Your student researched colleges, visited campuses and settled on their top choices. Now it’s time to send their applications. How can you help them make their application the best it can be? By encouraging them to follow the tips below.
Use a professional email address
Your student’s crazycat email address might be fine to use with friends, but they need to think about how it’s going to look to a college admission representative. It could raise some questions or concerns about whether they’re going to take their studies seriously. If your student’s email address is less than professional, they can still keep it, but they should create a more appropriate one for applying to colleges and other endeavors, such as applying for future jobs.
Meet the application deadline
If they don’t submit their application on time, they likely won’t be considered for admission. Plus, when there are so many deadlines throughout a college student’s experience (e.g., assignments, projects, etc.), missing their very first deadline doesn’t make a good impression. So how can your student be sure to hit the application deadline? Start early, and allow more time than they think they’ll need to complete their application.
Edit and proofread
Nothing turns off an admission representative like poor grammar and typos. After all, if your student is applying to get into an institute of higher education, they want to show that they’re qualified to be there. And using “there” when they should be using “their” just doesn’t look good. Of course, typos and incorrect punctuation can be easy mistakes for even the best grammarian to make and can be missed when your student proofreads their words. (It’s true, the brain fills in missing information that it expects to be there.) So your student should wait a day or two and then review their application, and have someone else — preferably two or three people — proofread their application. Editing tools like Grammarly can also be helpful.
Include and expand on extracurriculars activities
If your student participated in extracurriculars, they should include them in their application to show that they’ve had a well-rounded high school experience. And encourage them to provide details. If they played sports, they might think saying, “I was on the basketball team” is enough. But they need to explain what they learned by playing on the basketball team. What they walked away with. How it helped them grow. And same for any other activities such as student council, band or even the part-time job they held while in high school.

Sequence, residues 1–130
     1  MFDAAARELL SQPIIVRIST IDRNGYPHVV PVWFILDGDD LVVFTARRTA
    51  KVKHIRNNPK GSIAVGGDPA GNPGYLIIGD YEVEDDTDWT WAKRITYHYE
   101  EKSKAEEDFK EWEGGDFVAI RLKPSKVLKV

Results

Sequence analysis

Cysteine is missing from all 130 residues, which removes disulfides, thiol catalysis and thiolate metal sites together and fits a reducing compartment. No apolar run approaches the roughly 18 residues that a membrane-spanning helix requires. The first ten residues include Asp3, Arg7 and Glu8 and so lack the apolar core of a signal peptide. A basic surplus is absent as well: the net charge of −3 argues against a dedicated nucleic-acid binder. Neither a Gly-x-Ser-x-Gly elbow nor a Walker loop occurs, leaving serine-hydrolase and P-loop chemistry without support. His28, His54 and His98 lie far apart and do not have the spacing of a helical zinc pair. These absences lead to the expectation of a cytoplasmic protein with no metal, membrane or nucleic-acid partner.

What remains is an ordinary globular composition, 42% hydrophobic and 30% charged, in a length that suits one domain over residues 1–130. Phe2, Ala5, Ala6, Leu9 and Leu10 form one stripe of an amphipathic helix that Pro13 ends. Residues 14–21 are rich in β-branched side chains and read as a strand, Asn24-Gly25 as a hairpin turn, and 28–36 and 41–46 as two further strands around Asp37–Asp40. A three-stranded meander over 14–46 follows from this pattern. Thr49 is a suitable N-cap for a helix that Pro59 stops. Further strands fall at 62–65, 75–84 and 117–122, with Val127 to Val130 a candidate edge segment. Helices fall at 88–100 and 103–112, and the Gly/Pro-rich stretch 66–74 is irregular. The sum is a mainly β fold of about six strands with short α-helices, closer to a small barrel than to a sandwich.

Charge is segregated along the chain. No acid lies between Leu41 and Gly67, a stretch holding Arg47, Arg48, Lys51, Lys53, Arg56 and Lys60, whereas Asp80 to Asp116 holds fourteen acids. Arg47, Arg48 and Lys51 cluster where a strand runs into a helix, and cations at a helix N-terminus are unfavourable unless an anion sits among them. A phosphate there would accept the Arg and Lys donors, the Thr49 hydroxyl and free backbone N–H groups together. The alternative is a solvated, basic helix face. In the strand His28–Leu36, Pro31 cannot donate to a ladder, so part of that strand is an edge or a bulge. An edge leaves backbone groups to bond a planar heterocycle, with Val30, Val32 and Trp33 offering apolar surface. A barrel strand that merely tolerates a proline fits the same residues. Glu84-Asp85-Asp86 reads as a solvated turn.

Lay out their ambition and vision
Your student should write about why they want to go to college and what they want to get out of it openly and honestly. Encourage them to share a personal or family story (skipping the TMI, of course), and to be creative. Admission representatives want to know a little bit about your student as a person, not as just a name on a piece of paper.
Tailor their essay to each school they apply to
College admission officers hate reading an application essay that is clearly a generic form essay sent to all institutions a student is applying to. And trust us, it’s obvious when they read it. Your student should customize a different essay for each school. This doesn’t mean it has to be entirely new. They can still use maybe up to 75 percent of their essay for each school. But it should be tweaked to what each school is looking for in a student. And by thoroughly researching the universities they are applying to, your student should have a pretty good sense of what that is for each school.
Don’t do it for them
Along with it being pretty obvious to an admission representative when a student is using the same essay for each school, it’s also pretty obvious when a parent does all the admission application work for their student. So don’t do that. You might think you’re helping your student, but that’s just not the case. And besides, don’t you want them achieving admission to college all on their own? That’s not to say that you can’t be there throughout the process, guiding and helping them (after all, that’s what this blog post is all about — helping you help them) but they need to do the bulk of the work on their own. If they can’t, then their chances of succeeding on their own in college are pretty slim.
Good luck, and we hope your student gets accepted to all the colleges they apply to.